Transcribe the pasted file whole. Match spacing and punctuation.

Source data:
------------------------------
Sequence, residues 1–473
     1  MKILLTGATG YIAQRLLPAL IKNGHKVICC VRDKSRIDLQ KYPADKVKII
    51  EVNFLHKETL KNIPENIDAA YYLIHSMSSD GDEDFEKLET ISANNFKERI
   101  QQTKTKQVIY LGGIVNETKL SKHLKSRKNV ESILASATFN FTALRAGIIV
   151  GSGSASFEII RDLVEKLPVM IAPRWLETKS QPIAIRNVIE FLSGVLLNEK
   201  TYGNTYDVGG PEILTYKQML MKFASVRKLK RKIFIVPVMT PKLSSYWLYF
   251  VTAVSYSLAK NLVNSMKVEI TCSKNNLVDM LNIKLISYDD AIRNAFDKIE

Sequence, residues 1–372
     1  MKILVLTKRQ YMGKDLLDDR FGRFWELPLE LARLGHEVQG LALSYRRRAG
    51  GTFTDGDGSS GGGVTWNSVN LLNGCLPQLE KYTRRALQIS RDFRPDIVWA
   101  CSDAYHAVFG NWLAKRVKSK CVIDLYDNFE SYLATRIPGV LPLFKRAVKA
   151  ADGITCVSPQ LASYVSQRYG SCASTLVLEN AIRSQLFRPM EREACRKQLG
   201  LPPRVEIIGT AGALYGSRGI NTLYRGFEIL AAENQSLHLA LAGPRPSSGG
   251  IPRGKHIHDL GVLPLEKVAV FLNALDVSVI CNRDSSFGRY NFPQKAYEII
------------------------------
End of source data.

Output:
Sequence, residues 1–473
     1  MKILLTGATG YIAQRLLPAL IKNGHKVICC VRDKSRIDLQ KYPADKVKII
    51  EVNFLHKETL KNIPENIDAA YYLIHSMSSD GDEDFEKLET ISANNFKERI
   101  QQTKTKQVIY LGGIVNETKL SKHLKSRKNV ESILASATFN FTALRAGIIV
   151  GSGSASFEII RDLVEKLPVM IAPRWLETKS QPIAIRNVIE FLSGVLLNEK
   201  TYGNTYDVGG PEILTYKQML MKFASVRKLK RKIFIVPVMT PKLSSYWLYF
   251  VTAVSYSLAK NLVNSMKVEI TCSKNNLVDM LNIKLISYDD AIRNAFDKIE

Sequence, residues 1–372
     1  MKILVLTKRQ YMGKDLLDDR FGRFWELPLE LARLGHEVQG LALSYRRRAG
    51  GTFTDGDGSS GGGVTWNSVN LLNGCLPQLE KYTRRALQIS RDFRPDIVWA
   101  CSDAYHAVFG NWLAKRVKSK CVIDLYDNFE SYLATRIPGV LPLFKRAVKA
   151  ADGITCVSPQ LASYVSQRYG SCASTLVLEN AIRSQLFRPM EREACRKQLG
   201  LPPRVEIIGT AGALYGSRGI NTLYRGFEIL AAENQSLHLA LAGPRPSSGG
   251  IPRGKHIHDL GVLPLEKVAV FLNALDVSVI CNRDSSFGRY NFPQKAYEII